Local politicians of an English borough have expressed their concern about the sustainability of a Home Office order to double its intake of asylum seekers to help the British government cope with the record arrivals into the country.
Members of the Blackburn with Darwen Borough Council, representing two towns in the northwest of England, were recently informed that the number of asylum seekers to be housed in the borough will more than double, rising from 370 to 750 people.
The Home Office justified the decision by explaining that the number of asylum seekers had “reached record levels” and “appropriate accommodation” was needed. However, council leader Phil Riley maintained that placements across the country were still “not being done equitably.”
According to the BBC, the leader of the Labour-led council told its executive board that the rise in numbers was a “consequence of the government losing control of the asylum process, including the hundreds crossing the English Channel every day.”
Migrant channel crossings for the year have now well exceeded 40,000, far surpassing last year’s record of 28,526.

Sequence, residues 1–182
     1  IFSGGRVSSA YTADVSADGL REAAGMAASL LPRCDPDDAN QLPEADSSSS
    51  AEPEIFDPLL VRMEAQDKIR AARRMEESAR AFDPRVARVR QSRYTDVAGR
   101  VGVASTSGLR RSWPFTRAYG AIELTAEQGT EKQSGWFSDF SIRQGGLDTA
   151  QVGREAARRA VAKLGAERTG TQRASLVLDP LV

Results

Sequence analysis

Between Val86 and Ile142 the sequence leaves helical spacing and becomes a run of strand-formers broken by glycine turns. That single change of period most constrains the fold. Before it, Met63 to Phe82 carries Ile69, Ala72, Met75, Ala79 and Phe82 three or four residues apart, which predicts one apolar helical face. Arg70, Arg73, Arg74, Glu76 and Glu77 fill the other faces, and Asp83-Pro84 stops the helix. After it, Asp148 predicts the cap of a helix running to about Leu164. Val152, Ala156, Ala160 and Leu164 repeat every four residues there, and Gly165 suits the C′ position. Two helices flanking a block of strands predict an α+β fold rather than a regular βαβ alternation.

The latest weekly Home Office data available for Nov. 28 to Dec. 5 showed 1,902 new arrivals were detected by border officials on 37 boats.
While council leader Phil Riley told executives that all local authorities were “being told they had to take in more asylum seekers,” and maintained that Blackburn would continue its “long and honorable record of welcoming” new arrivals, he believed the quota system was “not being done equitably.”
Riley’s concern was reportedly supported by the opposing Conservative group leader, John Slater, who struggled to see the fairness behind increasing numbers in the borough “except for Ukrainians” fleeing the Russian invasion.
Both local MPs on differing sides of the floor, Labour’s Kate Hollern and Conservative Jake Berry, also expressed their dismay at the Home Office’s decision to “re-evaluate” the borough’s quota.
Hollen told the BBC that while the borough was experiencing a shortage of doctors, dentists, school places, and accommodation, it was “simply impractical to place an outsized burden on areas and their services.”
Berry echoed her sentiment, telling the public broadcaster that when local public services were already stretched thin, it was not fair “to put even more pressure on them by doubling the number of asylum seekers.”
The Home Office responded to the concerns by stating it was “working hard with local authorities to find appropriate accommodation,” indicating that the availability of suitable accommodation in the area had not been factored into its decision to more than double the number of arrivals into the borough.